The Good Law Project has launched a case to force the UK government to strengthen its Net Zero strategy by June. Does it stand up?
The UK government is being legally challenged on its Net Zero strategy. The problem is that the Strategy lacks definitions and criteria against solid metrics and proofs. For many, the strategy is therefore lacking in any teeth or real-world relevance. It is, to put it bluntly, more of a wish list than a strategic document and its findings appear not to be based in concrete fact.
So runs the thread of the majority of analysis on the contentious events taking place. The challenge for UK corporates here is massive. They are compelled to act on government guidance on Net Zero in order to futureproof their businesses and in order to avoid punitive carbon taxes. That said, no corporate is keen to adhere with guidance that’s unfit for purpose and likely to change. So doing would spell wasted investment in mismanaged policy, additional costs and a waste of resource in terms of people and research too.
Therefore, UK corporates will be keeping a close eye on developments, because they want to know as soon as possible if the Net Zero strategy holds water, and by association when they can get to work on implementation.
The Good Law
The Good Law Project says it has launched a new legal challenge against the Secretary of State for Business, Energy and Industrial Strategy, Kwasi Kwarteng MP, to force the department to make the UK’s Net Zero climate strategy fit for purpose by 30th June of this year.
Good Law’s claim is that the government’s current strategy fails to meet its legal obligations. The legal action seeks to compel the government to revise and strengthen the Net Zero Strategy and set out quantifiable policies to reduce emissions.
In more detail, the problem is this. The Climate Change Act 2008 requires the government to produce carbon budgets every five years that set out how much the UK will reduce its emissions by and give detailed plans and policies for how long the UK will take to reach that target.
These are essential for any UK corporates to forecast their own sustainability approaches and strategies, and to ensure they are likely to meet the targets described therein.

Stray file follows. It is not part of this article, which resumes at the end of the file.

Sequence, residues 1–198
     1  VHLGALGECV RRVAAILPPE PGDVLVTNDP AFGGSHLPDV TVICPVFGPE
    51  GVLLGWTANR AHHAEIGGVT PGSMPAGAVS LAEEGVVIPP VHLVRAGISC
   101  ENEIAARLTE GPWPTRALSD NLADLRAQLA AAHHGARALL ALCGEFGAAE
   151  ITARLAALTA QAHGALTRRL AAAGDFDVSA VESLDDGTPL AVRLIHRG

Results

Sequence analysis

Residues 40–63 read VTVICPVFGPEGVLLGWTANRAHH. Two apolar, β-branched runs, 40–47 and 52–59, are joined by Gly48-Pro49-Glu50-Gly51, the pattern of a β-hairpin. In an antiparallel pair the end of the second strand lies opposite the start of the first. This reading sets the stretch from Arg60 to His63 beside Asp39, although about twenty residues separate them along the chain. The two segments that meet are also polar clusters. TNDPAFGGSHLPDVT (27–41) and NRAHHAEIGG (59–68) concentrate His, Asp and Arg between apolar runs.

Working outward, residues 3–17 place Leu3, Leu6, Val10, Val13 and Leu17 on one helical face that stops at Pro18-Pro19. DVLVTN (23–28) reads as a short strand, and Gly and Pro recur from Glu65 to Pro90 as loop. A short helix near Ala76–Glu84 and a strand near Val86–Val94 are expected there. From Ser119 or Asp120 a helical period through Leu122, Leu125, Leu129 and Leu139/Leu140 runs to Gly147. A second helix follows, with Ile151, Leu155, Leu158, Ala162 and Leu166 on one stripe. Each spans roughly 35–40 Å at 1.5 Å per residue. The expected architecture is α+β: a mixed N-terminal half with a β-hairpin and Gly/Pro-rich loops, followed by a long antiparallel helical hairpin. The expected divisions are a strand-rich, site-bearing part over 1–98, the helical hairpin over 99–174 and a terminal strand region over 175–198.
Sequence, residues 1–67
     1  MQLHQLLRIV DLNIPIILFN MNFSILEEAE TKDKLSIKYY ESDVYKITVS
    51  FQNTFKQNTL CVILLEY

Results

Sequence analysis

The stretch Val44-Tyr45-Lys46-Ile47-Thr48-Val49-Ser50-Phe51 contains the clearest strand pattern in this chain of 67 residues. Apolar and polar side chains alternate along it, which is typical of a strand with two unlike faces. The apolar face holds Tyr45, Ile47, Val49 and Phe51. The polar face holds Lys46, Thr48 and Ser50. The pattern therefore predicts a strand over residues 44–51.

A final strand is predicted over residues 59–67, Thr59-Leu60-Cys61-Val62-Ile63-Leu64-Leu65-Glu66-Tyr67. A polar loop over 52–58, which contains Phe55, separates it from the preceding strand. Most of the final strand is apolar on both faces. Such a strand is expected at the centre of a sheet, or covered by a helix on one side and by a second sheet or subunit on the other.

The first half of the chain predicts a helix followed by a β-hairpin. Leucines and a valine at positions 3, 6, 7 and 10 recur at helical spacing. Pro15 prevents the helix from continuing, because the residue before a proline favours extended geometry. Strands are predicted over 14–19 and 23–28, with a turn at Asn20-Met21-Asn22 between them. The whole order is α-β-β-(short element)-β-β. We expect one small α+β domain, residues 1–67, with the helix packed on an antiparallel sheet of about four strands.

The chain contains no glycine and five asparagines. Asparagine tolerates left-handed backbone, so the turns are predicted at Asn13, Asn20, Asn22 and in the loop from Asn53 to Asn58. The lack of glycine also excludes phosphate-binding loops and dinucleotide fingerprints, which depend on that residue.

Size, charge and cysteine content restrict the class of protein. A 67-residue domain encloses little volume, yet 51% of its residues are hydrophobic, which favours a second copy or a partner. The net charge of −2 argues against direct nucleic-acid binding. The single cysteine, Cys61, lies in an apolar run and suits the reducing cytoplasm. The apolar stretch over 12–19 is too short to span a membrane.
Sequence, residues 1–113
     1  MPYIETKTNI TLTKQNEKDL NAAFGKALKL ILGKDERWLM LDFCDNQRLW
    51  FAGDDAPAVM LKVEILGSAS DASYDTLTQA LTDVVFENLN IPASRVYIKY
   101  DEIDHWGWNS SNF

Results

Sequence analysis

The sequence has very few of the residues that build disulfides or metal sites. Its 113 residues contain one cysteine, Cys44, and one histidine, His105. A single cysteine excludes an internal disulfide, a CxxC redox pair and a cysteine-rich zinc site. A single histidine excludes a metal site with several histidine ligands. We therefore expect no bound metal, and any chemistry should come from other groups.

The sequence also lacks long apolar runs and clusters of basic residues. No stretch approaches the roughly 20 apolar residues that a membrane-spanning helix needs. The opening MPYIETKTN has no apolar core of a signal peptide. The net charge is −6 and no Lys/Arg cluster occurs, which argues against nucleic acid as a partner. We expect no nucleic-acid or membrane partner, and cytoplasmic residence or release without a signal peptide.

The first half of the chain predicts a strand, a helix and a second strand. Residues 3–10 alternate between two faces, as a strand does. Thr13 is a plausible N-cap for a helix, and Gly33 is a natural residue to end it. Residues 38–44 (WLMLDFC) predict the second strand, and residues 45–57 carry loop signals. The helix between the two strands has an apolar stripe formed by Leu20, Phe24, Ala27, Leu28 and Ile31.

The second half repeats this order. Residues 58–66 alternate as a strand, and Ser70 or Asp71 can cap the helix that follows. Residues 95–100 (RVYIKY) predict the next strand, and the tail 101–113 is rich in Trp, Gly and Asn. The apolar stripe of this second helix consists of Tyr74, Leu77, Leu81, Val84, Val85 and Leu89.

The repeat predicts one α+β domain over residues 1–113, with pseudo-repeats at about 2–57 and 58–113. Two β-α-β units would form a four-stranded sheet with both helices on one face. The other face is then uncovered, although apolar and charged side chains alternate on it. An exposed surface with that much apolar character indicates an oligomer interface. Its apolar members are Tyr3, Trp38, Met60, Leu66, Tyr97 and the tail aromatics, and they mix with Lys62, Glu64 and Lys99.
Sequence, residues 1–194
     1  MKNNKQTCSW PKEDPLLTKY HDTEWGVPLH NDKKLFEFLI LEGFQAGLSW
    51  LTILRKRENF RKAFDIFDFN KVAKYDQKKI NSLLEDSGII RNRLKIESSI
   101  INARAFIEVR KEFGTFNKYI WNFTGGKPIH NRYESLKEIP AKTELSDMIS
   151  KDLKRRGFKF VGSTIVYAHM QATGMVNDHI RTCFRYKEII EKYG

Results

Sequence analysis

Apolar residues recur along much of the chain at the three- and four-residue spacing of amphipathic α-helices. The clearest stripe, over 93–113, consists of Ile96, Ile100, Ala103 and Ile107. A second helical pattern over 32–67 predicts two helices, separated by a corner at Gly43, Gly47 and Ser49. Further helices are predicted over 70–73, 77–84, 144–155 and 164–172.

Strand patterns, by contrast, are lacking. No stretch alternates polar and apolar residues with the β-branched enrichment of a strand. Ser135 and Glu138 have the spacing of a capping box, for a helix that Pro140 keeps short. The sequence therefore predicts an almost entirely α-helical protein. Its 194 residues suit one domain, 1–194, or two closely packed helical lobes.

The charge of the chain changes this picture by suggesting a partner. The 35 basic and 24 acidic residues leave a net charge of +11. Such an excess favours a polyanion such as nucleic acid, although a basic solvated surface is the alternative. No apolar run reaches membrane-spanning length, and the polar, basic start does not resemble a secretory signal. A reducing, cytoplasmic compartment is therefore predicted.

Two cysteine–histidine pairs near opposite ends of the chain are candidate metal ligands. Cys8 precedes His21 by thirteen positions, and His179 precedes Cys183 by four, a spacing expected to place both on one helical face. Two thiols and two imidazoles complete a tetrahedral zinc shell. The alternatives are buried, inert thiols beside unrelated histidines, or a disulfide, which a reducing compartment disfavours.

Good Law says the government has so far set a target of Net Zero by 2050 but failed to set out the specific policies needed to lead the UK there. Without which, the inference leads, the targets, numbers, deadlines and estimates in the strategy are all pie in the sky. This is crucial; if true, no corporate will wish to follow them.
The Government is, inexplicably says Good Law, refusing to release the documents that set out its calculations of expected emissions reductions for each Net Zero initiative. Good Law has applied to the Court to force them to disclose these documents.
Again the inference is that without the evidence, the initiatives may be proven ill fit or unfit for purpose. Corporates and UK voters need to know due diligence has been done on the policy lead they are asked to follow.
Good Law argues that to lawfully meet the requirements of the Act, the Secretary of State for Business, Energy and Industrial Strategy must publish a strategy detailing these plans and policies, assess their effectiveness, and demonstrate how each initiative will bring about the necessary reductions in emissions.
Jo Maugham, Director of Good Law Project, said:“Making promises that you can leave to future politicians to meet is easy – and pointless. What we need is a real plan, starting now, for how we get to Net Zero. To do anything else is to lie to our children.”
The Government’s Argument
The government doesn’t consider the case merits judicial review. In its responses to Good Law, it explains that there is no requirement for a report to contain a particular assessment of the effects of its proposals and policies.
This appears a slightly strange approach that’s guided by legal definitions over real world positive impacts. Further, the government argues that there is no requirement for a fixed or guaranteed pathway to meet carbon budgets within the legislation that guides them.
And, it points out that so doing would unrealistic on proposals that forecast up to 16 years ahead and cannot be fully reported on today. The government feels it is sufficient that it sets out the proposals and policies it considers will hit carbon budgets and indeed Net Zero, and the timescales it expects to work within.
It also notes that climate change involves scientific and technical judgements and that these are multifactored and predictive, there are after all many pathways the UK could take towards a Net Zero future.